Microsoft (opens in new tab) is to pay the European Union a massive €899 million in fines for its anti-competitive behaviour, the European commission ruled today.
The record fine dates back to 2004, when the EU ruled that Microsoft had abused its position in the market for operating systems, especially those for PC media players and office servers. Microsoft has so far ignored the EU’s decision, BBC News reports.
The record fine can be added to the previous €497 million Microsoft was fined in 2004 after abusing its dominant position. The ruling said that Microsoft was guilty of not providing key code to rival software makers.
This takes the grand total fine and penalty amount posed by the European Commission up to around €1.7 billion, according to EU competition commissioner Neelie Kroes.
Microsoft tried to fight the EU’s decision until September last year, when a court dismissed its appeal. The European Commission has since started new investigations into how difficult it is for Microsoft software to interact with rival products. Last week, Microsoft claimed to have made various technical changes to improve interoperability.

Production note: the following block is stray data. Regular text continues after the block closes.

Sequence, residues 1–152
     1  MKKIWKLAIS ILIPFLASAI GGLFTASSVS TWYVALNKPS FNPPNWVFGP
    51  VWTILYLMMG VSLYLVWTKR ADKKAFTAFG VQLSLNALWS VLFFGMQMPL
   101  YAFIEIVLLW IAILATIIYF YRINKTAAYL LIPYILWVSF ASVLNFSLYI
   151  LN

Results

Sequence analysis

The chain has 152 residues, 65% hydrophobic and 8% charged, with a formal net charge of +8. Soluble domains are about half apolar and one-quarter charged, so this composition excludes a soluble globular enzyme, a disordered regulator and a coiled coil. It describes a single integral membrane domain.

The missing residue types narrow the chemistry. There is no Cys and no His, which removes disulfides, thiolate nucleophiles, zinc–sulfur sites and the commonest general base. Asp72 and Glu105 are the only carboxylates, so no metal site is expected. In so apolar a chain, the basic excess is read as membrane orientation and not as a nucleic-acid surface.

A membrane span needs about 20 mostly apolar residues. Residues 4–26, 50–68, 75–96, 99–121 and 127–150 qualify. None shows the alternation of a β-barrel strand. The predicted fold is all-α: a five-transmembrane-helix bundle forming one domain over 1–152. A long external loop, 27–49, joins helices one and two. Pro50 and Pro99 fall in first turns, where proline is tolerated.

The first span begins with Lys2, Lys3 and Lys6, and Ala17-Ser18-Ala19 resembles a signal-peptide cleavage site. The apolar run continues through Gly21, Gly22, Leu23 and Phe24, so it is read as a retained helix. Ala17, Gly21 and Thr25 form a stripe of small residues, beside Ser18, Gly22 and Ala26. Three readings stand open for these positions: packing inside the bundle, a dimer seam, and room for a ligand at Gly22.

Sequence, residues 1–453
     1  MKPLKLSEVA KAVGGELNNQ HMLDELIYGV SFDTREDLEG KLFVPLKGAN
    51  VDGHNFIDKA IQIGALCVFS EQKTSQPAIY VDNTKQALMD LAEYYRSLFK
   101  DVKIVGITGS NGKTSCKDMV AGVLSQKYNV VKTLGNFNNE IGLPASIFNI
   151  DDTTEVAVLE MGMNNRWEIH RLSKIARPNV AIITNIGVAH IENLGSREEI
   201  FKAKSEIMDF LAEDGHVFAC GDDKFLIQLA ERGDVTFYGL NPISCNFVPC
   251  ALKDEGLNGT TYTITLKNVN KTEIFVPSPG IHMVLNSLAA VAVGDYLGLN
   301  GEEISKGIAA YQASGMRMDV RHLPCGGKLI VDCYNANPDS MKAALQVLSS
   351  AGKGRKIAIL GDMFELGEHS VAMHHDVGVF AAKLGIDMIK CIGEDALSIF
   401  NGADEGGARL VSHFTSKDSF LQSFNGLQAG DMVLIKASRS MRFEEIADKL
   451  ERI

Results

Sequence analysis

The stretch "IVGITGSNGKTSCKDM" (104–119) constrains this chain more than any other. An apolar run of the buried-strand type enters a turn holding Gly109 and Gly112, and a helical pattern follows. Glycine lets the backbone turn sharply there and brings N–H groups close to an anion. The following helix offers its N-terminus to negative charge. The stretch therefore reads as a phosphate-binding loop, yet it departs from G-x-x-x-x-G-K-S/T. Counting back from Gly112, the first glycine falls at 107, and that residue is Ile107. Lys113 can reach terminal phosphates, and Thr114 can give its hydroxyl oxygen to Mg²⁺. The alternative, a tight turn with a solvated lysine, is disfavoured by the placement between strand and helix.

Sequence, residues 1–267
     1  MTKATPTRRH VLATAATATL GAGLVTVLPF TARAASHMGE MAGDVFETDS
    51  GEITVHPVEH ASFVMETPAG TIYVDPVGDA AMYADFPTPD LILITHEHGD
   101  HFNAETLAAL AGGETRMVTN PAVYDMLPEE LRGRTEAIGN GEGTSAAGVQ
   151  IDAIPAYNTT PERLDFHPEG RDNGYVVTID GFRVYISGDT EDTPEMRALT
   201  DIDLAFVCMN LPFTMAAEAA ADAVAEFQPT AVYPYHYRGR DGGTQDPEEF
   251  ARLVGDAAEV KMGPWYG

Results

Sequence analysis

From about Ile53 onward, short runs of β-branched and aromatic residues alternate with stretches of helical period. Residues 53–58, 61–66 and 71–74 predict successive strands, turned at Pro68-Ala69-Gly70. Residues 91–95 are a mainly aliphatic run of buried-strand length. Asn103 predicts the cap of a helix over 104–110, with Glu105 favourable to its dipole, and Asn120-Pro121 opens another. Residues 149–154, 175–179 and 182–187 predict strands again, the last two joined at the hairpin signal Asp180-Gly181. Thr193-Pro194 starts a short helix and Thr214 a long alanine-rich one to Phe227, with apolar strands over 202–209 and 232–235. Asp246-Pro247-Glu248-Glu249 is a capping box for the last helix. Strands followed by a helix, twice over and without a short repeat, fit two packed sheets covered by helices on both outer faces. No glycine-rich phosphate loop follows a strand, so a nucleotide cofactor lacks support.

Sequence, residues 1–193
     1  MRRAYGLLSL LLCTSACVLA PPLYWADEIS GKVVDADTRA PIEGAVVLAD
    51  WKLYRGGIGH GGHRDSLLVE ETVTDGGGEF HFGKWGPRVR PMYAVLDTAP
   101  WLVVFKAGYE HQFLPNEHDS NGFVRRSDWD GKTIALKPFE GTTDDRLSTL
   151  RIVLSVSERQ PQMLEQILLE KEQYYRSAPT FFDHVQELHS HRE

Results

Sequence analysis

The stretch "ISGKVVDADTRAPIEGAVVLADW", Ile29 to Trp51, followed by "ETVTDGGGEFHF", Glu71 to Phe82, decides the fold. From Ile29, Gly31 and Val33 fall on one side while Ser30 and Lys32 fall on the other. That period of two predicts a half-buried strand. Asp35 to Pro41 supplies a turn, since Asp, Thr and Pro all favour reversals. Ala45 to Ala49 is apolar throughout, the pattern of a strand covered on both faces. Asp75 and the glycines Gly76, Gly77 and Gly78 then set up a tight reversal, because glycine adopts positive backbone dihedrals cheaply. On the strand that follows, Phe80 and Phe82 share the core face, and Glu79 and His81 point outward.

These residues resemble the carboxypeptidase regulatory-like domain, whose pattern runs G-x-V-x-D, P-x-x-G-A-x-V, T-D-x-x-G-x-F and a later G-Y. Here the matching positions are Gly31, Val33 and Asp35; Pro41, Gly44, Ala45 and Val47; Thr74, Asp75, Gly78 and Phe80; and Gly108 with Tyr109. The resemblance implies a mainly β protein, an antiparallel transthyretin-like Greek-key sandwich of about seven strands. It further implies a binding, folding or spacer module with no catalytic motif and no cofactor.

"Microsoft was the first company in 50 years of EU competition policy that the Commission has had to fine for failure to comply with an antitrust decision," Kroes said in a statement.
"I hope that today's decision closes a dark chapter in Microsoft's record of non-compliance," Kroes said.